Workers aren't only getting real-time alerts when problems arise, though. They now know about potential future issues and can respond before there's even an outage, thanks to new predictive analytics systems that analyze data from the equipment to forecast possible mechanical issues.
Nilles says this "closed-loop service platform"--in which the dispatcher, the equipment and everyone in the field has the same real-time information--is the first of its kind in the industry.
Schindler's growing use of big data, predictive analytics and smart algorithms allows it to better prepare for broader problems, too, because the company can more accurately anticipate the most common problems for equipment installed in a given area--and store spare parts with or close to the technicians who will need them. And technicians can use a Schindler spare parts finder app for parts they don't have on hand. (In North America, the company stocks about 50,000 different replacement parts.)
Those apps are part of what Nilles calls a digital tool case, a collection of resources that each of the company's 30,000-plus field workers--about 20,000 service technicians plus 10,000 supervisors or people in other related roles--now has.
These digital tool cases feature iPhones (for workers who need something small) or iPads (for supervisors or others with additional information requirements). The devices come with Schindler apps suited for each worker's needs. Technicians can access detailed information they need to do their jobs (information that they once lugged around in paper documents). "It was one of the key objectives, to make the whole experience as easy as possible for them," Nilles says.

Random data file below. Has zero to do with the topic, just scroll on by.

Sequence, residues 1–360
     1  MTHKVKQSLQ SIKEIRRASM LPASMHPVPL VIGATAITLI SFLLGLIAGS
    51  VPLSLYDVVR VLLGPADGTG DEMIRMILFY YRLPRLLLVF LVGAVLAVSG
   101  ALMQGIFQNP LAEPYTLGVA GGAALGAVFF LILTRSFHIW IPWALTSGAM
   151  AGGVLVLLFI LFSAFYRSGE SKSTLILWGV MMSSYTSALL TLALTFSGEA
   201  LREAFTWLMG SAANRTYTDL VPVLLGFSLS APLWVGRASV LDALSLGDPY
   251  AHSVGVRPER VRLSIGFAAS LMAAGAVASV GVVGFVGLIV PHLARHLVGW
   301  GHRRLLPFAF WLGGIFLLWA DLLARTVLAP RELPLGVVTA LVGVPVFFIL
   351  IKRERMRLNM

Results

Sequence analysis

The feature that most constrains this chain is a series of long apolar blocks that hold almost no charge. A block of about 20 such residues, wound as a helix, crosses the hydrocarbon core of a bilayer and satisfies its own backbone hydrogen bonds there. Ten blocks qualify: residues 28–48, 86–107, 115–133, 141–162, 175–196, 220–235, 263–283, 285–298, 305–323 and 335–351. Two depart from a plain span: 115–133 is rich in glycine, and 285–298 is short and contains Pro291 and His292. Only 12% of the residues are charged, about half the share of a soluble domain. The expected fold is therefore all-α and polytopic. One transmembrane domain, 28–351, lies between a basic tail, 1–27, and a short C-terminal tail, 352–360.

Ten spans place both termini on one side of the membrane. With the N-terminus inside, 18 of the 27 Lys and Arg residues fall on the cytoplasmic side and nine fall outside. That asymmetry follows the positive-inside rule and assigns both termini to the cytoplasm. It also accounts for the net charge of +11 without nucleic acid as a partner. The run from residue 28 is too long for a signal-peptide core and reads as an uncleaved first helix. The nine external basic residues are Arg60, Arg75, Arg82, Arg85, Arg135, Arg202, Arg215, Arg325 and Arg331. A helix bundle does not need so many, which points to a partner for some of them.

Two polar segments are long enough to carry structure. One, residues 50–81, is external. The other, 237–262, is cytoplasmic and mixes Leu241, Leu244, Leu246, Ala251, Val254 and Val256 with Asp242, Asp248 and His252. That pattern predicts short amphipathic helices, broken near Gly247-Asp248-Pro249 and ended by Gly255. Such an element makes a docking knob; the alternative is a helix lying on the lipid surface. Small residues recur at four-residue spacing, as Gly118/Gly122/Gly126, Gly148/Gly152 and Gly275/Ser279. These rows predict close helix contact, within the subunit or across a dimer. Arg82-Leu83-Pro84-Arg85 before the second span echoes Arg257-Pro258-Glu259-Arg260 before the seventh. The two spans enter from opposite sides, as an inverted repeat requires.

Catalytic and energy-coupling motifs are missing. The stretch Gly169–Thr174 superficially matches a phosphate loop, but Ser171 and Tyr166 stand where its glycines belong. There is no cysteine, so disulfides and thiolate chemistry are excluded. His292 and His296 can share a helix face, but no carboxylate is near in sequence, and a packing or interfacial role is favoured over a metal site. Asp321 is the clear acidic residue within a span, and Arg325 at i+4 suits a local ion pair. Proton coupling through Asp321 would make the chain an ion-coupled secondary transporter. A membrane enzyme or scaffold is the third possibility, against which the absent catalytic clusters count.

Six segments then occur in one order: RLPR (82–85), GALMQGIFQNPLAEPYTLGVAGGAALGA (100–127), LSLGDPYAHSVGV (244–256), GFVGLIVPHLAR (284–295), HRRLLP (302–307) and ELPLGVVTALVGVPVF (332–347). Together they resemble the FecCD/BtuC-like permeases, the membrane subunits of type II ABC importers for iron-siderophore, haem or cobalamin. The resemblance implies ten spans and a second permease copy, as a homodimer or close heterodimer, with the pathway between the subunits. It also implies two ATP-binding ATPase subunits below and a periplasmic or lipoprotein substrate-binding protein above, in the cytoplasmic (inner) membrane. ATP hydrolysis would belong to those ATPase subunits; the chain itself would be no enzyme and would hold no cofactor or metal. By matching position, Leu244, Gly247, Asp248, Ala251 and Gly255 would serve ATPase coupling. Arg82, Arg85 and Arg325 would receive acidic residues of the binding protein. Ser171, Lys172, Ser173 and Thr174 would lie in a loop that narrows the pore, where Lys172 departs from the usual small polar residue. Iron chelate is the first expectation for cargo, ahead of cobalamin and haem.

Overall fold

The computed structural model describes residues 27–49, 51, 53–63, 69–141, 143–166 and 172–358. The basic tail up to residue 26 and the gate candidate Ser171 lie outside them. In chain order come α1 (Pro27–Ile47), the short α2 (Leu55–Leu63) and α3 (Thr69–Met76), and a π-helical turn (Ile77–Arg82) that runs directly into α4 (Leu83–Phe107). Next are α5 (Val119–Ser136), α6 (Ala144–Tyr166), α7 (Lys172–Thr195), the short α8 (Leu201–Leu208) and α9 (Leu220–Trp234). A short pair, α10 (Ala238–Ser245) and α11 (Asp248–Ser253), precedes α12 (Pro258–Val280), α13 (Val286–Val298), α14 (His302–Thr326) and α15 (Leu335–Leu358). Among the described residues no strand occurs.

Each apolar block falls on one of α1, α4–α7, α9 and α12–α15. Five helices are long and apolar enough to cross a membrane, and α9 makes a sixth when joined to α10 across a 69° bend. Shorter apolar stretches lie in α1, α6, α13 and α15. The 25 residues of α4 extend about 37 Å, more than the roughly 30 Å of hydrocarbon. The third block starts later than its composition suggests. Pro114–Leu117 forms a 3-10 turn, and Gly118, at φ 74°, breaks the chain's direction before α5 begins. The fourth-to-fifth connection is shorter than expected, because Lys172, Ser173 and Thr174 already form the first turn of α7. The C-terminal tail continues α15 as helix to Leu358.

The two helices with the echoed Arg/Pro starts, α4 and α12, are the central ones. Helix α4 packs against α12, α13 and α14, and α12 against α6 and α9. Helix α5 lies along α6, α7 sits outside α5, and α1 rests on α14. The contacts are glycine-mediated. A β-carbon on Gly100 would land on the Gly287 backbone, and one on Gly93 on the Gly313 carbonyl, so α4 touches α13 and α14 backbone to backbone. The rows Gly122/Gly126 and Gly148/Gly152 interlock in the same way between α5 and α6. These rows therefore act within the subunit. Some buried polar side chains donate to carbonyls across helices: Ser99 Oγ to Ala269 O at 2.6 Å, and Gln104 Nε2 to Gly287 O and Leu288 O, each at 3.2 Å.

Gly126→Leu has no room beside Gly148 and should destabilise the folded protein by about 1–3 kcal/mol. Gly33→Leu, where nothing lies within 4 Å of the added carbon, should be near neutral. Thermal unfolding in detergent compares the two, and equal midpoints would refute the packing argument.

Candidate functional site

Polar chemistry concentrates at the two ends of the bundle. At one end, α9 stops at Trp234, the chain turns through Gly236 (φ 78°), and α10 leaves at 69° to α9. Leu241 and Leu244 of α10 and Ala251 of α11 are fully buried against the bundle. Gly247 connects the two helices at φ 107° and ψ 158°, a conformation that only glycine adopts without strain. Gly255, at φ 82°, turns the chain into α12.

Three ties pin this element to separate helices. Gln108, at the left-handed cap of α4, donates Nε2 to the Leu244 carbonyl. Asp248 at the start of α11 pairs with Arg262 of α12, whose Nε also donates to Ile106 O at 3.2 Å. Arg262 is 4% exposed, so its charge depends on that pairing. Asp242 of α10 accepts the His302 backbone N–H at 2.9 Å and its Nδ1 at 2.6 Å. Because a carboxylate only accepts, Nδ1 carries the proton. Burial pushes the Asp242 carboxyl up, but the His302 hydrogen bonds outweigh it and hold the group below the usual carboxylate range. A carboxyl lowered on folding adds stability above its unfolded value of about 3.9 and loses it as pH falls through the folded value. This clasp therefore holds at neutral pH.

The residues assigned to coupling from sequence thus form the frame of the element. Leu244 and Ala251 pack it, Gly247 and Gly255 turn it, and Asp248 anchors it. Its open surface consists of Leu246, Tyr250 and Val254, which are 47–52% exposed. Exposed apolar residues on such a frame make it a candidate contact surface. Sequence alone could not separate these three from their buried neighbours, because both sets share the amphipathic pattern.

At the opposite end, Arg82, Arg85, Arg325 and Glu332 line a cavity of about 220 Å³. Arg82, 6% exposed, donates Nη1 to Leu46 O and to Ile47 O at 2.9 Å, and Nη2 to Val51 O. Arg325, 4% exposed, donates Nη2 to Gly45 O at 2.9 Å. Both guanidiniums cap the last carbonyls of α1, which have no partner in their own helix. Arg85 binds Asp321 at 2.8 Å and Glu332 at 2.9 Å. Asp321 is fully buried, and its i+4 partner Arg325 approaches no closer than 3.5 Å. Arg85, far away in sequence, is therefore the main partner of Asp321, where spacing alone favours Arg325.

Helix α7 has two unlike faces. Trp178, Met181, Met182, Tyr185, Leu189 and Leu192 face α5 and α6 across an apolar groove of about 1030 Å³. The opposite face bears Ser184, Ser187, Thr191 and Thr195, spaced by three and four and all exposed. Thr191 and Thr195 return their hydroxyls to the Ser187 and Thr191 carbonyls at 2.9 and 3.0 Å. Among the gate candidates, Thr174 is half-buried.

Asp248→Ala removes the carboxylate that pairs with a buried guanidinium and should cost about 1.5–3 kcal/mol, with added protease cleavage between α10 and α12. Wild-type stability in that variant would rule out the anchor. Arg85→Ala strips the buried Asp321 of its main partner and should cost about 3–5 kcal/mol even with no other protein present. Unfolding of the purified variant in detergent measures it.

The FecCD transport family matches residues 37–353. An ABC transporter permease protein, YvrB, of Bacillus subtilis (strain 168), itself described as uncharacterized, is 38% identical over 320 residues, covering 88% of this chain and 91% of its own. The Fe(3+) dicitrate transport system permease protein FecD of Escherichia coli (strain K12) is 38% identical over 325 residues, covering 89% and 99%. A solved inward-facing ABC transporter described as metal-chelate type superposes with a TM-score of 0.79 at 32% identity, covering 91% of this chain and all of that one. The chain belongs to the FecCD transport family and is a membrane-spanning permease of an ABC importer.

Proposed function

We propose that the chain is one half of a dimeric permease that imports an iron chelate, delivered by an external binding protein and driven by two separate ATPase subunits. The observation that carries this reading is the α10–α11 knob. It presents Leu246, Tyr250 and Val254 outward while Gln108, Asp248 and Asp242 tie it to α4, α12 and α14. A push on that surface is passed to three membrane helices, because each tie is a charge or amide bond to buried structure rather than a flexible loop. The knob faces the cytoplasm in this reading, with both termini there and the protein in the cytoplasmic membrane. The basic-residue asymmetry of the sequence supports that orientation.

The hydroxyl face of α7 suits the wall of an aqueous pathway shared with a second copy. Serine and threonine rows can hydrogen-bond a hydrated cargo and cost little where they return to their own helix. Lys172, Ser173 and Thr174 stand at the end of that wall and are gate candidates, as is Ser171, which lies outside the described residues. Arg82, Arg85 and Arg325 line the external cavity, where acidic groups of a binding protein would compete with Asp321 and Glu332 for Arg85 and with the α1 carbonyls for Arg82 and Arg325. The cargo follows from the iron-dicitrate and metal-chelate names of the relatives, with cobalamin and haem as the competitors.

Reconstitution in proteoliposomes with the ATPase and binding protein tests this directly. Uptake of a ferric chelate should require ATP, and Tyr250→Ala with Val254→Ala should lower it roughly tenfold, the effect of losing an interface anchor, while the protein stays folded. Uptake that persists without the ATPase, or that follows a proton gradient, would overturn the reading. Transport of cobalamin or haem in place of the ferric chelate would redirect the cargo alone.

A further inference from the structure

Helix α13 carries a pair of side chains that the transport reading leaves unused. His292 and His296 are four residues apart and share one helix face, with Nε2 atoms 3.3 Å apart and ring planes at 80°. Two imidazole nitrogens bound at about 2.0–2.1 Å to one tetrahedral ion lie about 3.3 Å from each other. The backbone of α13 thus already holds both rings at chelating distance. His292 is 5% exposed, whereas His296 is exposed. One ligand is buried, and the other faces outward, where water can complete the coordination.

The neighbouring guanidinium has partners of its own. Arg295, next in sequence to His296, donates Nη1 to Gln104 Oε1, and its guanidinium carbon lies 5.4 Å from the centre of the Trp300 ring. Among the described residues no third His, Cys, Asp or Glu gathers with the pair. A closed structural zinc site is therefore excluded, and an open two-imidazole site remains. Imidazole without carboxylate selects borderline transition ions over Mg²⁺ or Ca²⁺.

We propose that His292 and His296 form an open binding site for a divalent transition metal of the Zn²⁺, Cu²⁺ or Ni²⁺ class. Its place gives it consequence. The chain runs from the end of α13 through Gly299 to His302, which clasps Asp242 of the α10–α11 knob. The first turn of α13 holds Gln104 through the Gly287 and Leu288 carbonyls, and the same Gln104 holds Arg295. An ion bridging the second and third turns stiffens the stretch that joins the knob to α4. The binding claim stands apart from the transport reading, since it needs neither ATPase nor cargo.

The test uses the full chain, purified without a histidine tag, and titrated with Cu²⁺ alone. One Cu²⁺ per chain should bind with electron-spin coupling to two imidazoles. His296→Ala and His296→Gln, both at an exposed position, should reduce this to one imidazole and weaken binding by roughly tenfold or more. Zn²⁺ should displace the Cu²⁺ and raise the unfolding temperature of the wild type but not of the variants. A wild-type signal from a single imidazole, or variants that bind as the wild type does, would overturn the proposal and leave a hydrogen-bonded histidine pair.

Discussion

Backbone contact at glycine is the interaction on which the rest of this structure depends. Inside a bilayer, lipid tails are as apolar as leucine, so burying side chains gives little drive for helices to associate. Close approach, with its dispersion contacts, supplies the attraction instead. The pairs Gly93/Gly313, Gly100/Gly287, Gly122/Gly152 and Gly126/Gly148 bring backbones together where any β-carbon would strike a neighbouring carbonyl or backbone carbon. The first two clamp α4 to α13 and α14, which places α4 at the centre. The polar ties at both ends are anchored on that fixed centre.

Most elevator companies are going high-tech to be competitive, says Soumya Mutsuddi, an industry analyst at Technavio. She says that Otis and Kone also have mobile-based applications that predict equipment service needs and stay connected with customers. Where Schindler is ahead of the pack, Mutsuddi says, is the mobile toolkit for service technicians, a collection of apps on Apple devices that enable workers to provide faster and more-efficient service to clients.
An evolutionary trip
Schindler was hardly starting from zero when it embarked on its digital transformation six years ago. Elevators, for instance, already came with phones that passengers could use to contact call centers. And Schindler was already collecting some basic data about the health of its elevators and escalators. And elevators already had electronic controllers and sensors, although the data that they collected generally resided locally on the machines.
But these technologies, along with the back-end IT infrastructure that ran day-to-day operations at Schindler, were just pieces that needed to be brought together and taken to the next level.
Nilles says digital transformation isn't about a specific technology or even the entire IT stack. Rather, he says, it's about a "game-changing adaptation to your business model to stay at the forefront of your industry."